Not a Boston Qualifier and proud of it

At this time last year, I was preparing to attend the Wineglass Marathon as support crew and spectator, getting the opportunity to watch Mark run a qualifying time for the Boston Marathon. Plenty of people at the Wineglass Marathon, which runs 26.2 miles from Bath to Corning in central New York, want to qualify for the Boston Marathon. Since the course is a net downhill and was touted in Runner’s World magazine as a great place to qualify for Boston, the field can be, well, a little Boston Marathon intense.

Apparently, this year along with Boston Marathon qualifiers there will be those in the field hoping to qualify for the Olympic trials. All those people amaze me. I can’t understanding running that fast for that long. And I’m also amazed by the people out there running their first marathon, wondering if they can complete the distance and unsure of how the day will unfold. They’re facing fear and uncertainty head-on and whatever happens on the course, it’s a moment of celebration.

As I would think about my marathon goals, sometimes I felt a little lost. I am not a Boston qualifier. I probably never will be unless I encounter some type of space junk which gives me superheroine powers to run fast. I am also not a newbie. I’ve run a marathon before and last year completed 26.2 miles to cap off my Ironman in Montreal. So while finishing is still a goal in itself (you can never take finishing for granted no matter how fast or experienced you are), my big goal, that desired outcome I’m looking to achieve, feels a bit insignificant in comparison to the Boston/Olympic qualifiers and the first-timers.

But then I remember that this is how I get in trouble in the first place. I compare my goals to those around me, whether I know them or not. I judge my success based on what other people are doing. Perhaps one of the greatest gifts of this particular marathon journey has been the ability to leave that thinking behind. My goals are mine and mine alone. Only I can know if they are attainable. Only I can define what success means. Really. It is all up to me.

The numbers may underwhelm you, especially if you are a strong runner, but they are my numbers. And so here it is, the outcome I’m looking for when I hit Corning on Sunday. Two years ago in the Buffalo Marathon I ran 5 hours, 3 minutes. My goal for Wineglass? To break five hours. My training has indicated that I might be able to pull off a 4:45. That would probably have me turning cartwheels after the finish line, but it’s not out of the question.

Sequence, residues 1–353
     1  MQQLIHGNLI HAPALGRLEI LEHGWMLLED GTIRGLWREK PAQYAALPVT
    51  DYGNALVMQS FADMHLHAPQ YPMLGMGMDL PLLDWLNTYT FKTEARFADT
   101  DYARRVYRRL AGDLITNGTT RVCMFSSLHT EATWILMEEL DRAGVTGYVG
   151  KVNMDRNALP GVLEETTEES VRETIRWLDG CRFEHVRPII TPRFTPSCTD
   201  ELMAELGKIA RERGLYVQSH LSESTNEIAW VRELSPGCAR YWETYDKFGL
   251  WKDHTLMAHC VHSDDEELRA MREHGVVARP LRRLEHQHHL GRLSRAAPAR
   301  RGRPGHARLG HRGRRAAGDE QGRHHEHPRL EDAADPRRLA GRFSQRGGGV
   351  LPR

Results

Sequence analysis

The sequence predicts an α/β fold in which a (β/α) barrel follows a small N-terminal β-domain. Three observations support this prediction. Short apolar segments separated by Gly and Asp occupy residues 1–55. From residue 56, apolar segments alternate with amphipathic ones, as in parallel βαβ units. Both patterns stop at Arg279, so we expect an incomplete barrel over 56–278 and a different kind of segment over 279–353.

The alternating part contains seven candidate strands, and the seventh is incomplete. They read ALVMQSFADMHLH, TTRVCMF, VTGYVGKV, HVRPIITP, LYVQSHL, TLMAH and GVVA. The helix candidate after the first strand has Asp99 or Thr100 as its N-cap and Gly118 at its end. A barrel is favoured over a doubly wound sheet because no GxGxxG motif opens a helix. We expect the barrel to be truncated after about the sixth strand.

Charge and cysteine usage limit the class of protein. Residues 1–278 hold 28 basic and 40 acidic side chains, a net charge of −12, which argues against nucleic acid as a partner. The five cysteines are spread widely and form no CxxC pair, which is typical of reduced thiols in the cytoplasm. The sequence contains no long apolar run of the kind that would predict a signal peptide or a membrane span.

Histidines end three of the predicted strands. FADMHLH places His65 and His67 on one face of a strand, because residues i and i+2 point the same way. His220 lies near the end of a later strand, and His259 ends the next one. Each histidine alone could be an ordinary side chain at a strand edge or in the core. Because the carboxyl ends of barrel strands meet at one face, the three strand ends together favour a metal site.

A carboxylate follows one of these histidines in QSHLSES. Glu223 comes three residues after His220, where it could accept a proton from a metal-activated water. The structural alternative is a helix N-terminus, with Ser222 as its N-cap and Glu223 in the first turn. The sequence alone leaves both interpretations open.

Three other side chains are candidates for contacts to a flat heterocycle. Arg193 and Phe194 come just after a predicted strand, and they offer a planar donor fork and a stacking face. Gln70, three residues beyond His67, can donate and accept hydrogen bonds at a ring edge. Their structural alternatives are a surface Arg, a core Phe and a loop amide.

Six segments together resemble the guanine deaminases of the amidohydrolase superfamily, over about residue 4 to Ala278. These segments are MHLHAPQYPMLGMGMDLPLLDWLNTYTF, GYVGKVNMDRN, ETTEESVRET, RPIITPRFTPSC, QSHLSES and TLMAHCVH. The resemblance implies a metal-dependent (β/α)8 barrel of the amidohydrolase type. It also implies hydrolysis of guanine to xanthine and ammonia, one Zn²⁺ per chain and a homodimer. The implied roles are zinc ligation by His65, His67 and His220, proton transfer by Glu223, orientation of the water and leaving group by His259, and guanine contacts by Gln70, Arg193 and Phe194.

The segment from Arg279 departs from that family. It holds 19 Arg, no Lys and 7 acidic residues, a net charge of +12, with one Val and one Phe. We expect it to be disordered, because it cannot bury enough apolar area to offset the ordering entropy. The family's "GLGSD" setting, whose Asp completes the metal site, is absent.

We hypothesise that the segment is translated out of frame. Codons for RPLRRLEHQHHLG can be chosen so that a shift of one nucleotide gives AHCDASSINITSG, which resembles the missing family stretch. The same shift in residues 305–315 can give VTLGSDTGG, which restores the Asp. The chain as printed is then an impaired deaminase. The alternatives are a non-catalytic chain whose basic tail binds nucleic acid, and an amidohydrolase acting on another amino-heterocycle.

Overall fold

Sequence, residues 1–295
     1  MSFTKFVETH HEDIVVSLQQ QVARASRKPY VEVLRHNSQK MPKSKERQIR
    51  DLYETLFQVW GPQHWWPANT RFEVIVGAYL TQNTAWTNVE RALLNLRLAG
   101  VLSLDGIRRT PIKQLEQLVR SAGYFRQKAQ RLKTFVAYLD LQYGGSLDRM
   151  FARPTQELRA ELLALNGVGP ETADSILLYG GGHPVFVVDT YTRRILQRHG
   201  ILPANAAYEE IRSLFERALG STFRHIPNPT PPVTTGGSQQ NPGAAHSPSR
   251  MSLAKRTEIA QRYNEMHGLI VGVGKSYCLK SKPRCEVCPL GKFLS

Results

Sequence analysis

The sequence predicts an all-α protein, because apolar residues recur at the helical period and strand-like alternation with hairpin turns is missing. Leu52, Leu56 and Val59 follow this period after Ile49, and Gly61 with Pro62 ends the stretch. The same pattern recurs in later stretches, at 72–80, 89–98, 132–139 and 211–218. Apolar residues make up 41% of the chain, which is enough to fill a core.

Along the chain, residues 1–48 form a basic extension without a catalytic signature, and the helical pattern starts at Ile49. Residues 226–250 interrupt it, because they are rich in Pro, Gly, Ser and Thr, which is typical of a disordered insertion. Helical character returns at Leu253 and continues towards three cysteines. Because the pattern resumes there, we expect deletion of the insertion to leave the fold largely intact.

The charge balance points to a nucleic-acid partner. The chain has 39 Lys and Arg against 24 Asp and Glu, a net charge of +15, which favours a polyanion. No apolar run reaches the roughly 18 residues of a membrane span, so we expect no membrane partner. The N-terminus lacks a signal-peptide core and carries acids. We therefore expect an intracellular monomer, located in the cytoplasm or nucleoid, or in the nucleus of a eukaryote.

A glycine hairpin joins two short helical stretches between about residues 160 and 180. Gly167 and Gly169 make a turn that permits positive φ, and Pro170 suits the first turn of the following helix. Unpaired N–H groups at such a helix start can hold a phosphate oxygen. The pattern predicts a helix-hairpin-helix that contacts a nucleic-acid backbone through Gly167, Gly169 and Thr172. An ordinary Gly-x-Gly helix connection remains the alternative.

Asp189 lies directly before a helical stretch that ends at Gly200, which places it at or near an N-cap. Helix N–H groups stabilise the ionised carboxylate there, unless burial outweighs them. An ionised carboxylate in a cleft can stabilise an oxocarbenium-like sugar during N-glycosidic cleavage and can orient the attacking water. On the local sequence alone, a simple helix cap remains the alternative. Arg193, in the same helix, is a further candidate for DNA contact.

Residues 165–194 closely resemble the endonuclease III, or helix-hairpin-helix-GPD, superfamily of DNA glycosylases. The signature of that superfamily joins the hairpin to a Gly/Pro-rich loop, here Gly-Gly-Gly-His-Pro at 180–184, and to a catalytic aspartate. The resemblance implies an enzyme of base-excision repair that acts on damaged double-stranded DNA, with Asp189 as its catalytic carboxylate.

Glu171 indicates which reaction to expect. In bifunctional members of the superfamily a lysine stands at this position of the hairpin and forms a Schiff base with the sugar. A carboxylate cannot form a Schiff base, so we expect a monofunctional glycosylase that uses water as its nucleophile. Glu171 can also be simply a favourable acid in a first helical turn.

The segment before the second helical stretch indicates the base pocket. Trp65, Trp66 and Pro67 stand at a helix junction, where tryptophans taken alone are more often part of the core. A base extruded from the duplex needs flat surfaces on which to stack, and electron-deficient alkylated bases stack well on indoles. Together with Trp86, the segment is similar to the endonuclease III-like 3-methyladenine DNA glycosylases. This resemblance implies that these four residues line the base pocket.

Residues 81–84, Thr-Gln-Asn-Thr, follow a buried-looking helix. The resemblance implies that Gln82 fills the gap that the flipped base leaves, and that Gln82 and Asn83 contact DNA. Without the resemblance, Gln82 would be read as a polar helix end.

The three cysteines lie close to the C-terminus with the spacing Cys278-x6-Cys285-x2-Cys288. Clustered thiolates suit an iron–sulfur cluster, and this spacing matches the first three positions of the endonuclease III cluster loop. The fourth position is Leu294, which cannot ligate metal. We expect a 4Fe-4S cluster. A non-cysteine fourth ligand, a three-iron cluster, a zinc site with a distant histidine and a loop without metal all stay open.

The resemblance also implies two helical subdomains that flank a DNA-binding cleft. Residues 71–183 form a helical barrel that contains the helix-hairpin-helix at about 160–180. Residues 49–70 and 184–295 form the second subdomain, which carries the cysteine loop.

My time goal was something used to structure my training, so I knew (or my coach new) how fast to make my track workouts and what pace I should be using for my tempo runs. On Sunday, it will serve as the framework for my race. But it is not the only way I define success. In many ways, I have already achieved my success story for marathon No. 3. Sunday is all about celebrating that.

0 Comments on “Not a Boston Qualifier and proud of it

  1. I have been following your blog for a few weeks now and this post really hit home with me today. I just began my running career this year and my pace is what I like to call “super slow turtle”, it gets me to the finish line running the entire way but I know I can do better. When you mentioned that you compare your goals to others and how you realized that success is really up to you, really struck a cord with me. I have run 4 5K’s now and am aiming to do one a month with my husband. However, I pick the race for each month based upon results from the previous year. My biggest concern is coming in last in any race I do so if the results from last year indicate that someone had a higher time than my typical race time, then it’s a go-to race for me. I know why I worry about this and I still haven’t dealt with the reasons. I’m just hoping that I can decrease my time so that I will never be last. I think I’m going to take your words to heart and make my own success. I should focus on a specific time for me and now worry about how many people are behind me. This may be easier said then done but it’s worth a shot. Thanks!

    • Rebecca:
      It certainly is easier said than done and I still struggle with focusing on my own goals and not comparing myself to others! There’s nothing wrong with checking out previous times when picking your race. (I do it from time to time myself).
      Here’s something you can try: Instead of working to “not be last” (which is a “negative” goal right? You’re trying “not” to do something) try for a positive goal. Aim for a finishing time now that you have run some 5Ks and know what you’re able to do. Or try to run negative splits (each mile just a bit faster, even if it’s one second). Or come up with your own personal goal, something you can try to do rather than try to avoid. Just something you might want to try. It’s a technique I’ve been working on and has helped me! Good luck! And keep me posted on how your races go.

      • Amy,

        Thank you so much for your thoughtful comments and suggestions. I will try them while I’m training. Our next 5K is the Niagara Falls International on 10/23 and then we have the Turkey Trot. I’m getting better with my negative thinking but sometimes those old memories of coming in last in high school cross country still rear their ugly head. I think instead when that vision pops in my head I am going to instantly replace it with a vision of my last race on Sunday with my best time ever. It’s comforting to hear that I am not the only one who struggles with the negative thinking from time to time. I really appreciate it and I will keep you updated. Thanks again 🙂

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